Japan needs more storage space for radioactive water

7 years ago by in Japan

The Fukushima Daiichi nuclear power plant is facing new problems after its third radioactive water leak was confirmed two weeks ago.

At the power plant groundwater is pouring into the plant’s ravaged reactor buildings at a rate of almost 75 gallons a minute, and the workers are struggling to fix this problem relying on storage tanks that hold a quantity of radioactive water similar to the one of 112 Olympic-size pools, the international press reports.

But TEPCO needs more storage space. In order to obtain it, the company plans to cut a small forest close to the nuclear plant and to create more space for placing several hundreds more tanks.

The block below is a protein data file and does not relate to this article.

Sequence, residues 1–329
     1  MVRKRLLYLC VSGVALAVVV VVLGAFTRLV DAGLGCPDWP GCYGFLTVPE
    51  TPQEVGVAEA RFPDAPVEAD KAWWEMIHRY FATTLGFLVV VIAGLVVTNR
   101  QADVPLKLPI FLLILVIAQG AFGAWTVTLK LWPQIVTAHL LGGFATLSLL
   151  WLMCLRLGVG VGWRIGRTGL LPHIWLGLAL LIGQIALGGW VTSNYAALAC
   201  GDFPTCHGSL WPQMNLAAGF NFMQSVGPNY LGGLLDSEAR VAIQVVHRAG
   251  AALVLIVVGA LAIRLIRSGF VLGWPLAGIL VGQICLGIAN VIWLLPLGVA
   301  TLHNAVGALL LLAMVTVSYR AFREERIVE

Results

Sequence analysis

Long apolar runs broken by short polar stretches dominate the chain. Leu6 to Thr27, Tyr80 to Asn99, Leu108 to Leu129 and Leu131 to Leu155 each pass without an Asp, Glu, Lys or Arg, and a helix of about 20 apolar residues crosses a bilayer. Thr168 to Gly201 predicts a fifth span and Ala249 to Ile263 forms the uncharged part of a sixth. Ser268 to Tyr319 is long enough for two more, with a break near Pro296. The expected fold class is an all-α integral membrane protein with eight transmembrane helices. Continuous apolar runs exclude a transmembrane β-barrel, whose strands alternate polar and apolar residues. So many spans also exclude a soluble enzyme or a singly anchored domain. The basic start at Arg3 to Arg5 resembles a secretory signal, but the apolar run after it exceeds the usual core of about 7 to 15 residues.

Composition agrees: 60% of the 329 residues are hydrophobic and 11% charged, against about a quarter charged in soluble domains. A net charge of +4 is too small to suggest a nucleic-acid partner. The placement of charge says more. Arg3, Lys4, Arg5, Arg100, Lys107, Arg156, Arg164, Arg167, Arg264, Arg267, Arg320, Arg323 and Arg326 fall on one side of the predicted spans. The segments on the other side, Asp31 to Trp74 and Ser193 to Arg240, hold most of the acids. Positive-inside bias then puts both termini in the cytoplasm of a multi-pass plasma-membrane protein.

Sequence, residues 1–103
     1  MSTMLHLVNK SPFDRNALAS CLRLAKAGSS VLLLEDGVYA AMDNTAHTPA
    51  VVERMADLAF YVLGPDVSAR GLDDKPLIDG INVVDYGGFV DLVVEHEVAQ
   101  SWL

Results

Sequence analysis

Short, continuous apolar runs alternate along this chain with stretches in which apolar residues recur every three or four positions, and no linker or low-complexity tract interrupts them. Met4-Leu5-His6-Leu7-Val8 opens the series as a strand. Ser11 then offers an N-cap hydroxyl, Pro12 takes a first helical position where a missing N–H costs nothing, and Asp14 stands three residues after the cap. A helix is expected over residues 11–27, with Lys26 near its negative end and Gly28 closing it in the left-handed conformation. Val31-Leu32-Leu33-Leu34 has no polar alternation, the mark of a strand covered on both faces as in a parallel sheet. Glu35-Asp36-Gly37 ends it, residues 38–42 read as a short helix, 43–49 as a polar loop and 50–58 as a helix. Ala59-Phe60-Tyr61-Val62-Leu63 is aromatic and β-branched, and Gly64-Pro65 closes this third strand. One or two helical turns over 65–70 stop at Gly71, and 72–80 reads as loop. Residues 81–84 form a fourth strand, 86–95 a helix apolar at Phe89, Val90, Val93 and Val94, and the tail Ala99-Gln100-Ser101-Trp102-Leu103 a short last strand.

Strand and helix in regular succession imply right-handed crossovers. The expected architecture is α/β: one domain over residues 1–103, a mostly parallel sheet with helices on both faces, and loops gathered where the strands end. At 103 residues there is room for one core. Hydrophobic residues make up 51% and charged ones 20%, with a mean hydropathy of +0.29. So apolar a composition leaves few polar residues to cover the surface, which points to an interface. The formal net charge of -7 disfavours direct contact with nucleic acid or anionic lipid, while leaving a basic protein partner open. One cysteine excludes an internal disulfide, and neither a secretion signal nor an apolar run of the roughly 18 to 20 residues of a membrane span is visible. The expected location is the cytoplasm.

Some of the contaminated water is leaking from storage pits that have also been used at the site. They are earthen pits that have been lined with sheets of plastic, and the plastic may have torn or it may just leak, according to the international media. TEPCO says the radioactive water is unlikely to flow into the sea.

Cleaning up the Fukushima site will take about 40 years and will cost at least $13 billion, according to the Japanese government.